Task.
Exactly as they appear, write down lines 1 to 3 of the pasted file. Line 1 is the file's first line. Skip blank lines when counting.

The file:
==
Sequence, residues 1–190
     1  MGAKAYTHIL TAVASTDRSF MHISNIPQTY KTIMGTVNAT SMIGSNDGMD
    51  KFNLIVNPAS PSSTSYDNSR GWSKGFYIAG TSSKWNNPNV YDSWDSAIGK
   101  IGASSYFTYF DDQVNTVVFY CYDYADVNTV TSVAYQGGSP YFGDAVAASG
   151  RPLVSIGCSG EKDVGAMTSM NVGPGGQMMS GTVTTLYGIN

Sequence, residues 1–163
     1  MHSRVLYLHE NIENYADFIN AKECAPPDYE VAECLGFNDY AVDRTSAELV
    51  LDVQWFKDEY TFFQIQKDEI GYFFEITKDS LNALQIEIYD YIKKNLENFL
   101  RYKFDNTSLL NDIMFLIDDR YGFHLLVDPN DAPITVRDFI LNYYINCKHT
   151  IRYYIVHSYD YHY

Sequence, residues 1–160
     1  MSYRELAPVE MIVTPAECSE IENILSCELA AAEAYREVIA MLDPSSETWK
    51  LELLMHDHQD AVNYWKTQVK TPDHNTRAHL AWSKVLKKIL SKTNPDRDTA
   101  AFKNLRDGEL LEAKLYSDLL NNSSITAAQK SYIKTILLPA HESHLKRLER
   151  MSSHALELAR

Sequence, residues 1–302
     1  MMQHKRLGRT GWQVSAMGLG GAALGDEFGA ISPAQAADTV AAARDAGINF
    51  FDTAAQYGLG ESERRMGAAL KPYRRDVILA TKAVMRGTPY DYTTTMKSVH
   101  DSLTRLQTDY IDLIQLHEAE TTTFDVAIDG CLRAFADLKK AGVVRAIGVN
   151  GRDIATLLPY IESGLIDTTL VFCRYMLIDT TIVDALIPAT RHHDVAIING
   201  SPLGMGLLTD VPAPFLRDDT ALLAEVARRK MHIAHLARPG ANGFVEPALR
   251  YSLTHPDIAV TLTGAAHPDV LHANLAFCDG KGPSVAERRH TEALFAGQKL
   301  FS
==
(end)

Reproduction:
Sequence, residues 1–190
     1  MGAKAYTHIL TAVASTDRSF MHISNIPQTY KTIMGTVNAT SMIGSNDGMD
    51  KFNLIVNPAS PSSTSYDNSR GWSKGFYIAG TSSKWNNPNV YDSWDSAIGK